Central Asian state calls Russia ‘main ally’
Kazakh President Kassym-Jomart Tokayev has characterized Russia as his country’s “main partner and ally,” adding that bilateral relations are “at a very high level.” In a Wednesday interview with the country’s Egemen Qazaqstan newspaper, the leader also said that close ties between the two neighbors are crucial for “ensuring regional stability and international security.”
While the Kazakh leadership has publicly professed on multiple occasions that it abides by Western sanctions imposed on Russia over its military operation in Ukraine, there have been allegations that the Central Asian nation, which is a member of several Russian-led economic and security pacts, has been secretly helping Moscow circumvent restrictions and acquire Western-made goods, including dual-use ones that could have a military application.
In the interview, Tokayev said that “high-level political dialogue is developing rapidly” between Kazakhstan and Russia, with more than 300 treaties and agreements signed between the two countries over the past 30 years.
The Kazakh head of state recounted how he and his Russian counterpart, Vladimir Putin, had “clarified that the strategic partnership and relations between our states will not deviate from the nature of true friendship” during the Russian president’s official visit to the country in November 2023.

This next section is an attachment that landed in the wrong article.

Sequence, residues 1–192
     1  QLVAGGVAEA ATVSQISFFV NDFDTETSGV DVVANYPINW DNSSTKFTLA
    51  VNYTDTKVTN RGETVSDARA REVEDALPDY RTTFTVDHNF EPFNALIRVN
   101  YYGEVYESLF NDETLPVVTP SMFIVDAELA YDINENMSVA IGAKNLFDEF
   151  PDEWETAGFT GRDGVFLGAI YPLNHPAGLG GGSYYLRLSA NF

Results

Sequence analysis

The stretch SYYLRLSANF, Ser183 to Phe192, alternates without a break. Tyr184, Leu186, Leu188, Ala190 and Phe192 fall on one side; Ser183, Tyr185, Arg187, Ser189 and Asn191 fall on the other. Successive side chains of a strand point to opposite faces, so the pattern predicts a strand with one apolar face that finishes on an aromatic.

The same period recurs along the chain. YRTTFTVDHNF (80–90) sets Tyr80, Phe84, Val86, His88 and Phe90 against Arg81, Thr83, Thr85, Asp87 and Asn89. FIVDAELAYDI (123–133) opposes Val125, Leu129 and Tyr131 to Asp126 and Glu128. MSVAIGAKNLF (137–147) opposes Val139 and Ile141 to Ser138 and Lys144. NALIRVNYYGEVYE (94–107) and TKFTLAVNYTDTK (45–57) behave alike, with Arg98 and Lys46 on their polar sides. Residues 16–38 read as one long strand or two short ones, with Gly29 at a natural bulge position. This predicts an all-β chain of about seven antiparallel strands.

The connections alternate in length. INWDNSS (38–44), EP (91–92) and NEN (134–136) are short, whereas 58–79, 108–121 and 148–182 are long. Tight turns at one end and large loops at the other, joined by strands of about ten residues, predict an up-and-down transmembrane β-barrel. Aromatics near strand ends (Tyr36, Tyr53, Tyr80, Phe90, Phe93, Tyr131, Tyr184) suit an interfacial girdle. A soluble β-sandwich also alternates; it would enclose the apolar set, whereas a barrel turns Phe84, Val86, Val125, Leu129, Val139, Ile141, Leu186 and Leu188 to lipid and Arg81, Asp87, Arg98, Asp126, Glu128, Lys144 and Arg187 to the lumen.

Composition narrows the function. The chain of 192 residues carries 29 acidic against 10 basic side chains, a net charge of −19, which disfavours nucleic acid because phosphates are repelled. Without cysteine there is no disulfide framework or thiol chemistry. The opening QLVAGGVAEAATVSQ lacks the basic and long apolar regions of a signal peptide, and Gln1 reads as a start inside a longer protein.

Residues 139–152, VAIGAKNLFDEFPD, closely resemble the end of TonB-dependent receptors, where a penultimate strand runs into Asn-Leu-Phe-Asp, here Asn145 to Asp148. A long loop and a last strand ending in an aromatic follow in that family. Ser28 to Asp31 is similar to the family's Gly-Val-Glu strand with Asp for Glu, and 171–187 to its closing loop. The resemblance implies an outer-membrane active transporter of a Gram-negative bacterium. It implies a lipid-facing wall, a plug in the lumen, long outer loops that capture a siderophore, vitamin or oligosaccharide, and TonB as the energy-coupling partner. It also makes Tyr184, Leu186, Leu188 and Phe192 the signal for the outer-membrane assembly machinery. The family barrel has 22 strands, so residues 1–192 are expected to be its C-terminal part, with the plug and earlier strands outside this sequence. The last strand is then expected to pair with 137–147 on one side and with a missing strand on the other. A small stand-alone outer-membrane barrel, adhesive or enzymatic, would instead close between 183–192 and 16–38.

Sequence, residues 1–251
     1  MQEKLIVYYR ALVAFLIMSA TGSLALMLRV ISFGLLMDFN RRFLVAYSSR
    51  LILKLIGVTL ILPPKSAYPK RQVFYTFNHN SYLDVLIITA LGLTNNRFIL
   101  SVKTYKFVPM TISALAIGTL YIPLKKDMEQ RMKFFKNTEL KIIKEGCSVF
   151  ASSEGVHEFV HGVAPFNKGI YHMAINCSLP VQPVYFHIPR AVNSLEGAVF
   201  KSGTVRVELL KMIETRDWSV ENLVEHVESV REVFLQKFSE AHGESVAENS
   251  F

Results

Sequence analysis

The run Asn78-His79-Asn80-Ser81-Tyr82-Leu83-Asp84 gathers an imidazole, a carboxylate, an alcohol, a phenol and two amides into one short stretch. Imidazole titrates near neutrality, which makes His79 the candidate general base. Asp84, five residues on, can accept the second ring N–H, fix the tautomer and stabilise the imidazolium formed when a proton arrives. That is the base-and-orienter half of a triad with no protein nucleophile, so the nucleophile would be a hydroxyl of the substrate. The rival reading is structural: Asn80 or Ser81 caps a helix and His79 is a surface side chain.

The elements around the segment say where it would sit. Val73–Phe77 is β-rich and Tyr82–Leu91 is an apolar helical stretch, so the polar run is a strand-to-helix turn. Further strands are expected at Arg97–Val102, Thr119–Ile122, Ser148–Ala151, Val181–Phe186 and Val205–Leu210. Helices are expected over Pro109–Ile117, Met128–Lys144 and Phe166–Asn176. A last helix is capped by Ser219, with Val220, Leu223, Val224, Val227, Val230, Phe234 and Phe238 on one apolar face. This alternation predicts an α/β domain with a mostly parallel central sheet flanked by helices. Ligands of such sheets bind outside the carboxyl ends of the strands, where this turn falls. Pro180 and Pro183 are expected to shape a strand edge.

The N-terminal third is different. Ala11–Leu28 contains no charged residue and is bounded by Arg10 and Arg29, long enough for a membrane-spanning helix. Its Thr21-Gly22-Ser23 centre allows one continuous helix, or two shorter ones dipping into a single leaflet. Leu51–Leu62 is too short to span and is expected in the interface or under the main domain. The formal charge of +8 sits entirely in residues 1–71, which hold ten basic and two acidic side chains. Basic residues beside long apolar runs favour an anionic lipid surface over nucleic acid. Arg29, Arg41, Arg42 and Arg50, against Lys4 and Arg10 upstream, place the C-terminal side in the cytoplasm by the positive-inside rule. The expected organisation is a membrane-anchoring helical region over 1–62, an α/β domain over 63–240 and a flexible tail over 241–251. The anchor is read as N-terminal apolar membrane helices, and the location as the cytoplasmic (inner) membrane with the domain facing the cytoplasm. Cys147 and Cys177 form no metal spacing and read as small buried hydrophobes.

“Russia is the main trade and economic partner of Kazakhstan,” he noted, with trade turnover reaching some $21.4 billion in the first ten months of last year. The two countries are also deepening cooperation in the “scientific-educational and cultural-humanitarian spheres,” the official added.
According to Tokayev, Moscow plays a key role in the international arena, and Putin is a “person who influences the global climate both by words and deeds.” Therefore, “no problem in the world can be solved without the participation of this state.”
Speaking during his visit to Astana in November, the Russian president said that the two neighbors were “not just allies, but the closest allies,” lauding Tokayev’s personal contribution in fostering these ties.
Meanwhile, in September, German Chancellor Olaf Scholz said, following a meeting with the Kazakh head of state, that he was satisfied with the way Astana “supports us in preventing sanction circumvention and has taken active counter-measures.”
The Russian Foreign Ministry, for its part, has made it clear that it considers Western countries’ attempts to woo Central-Asian states as part of an overt anti-Russia agenda.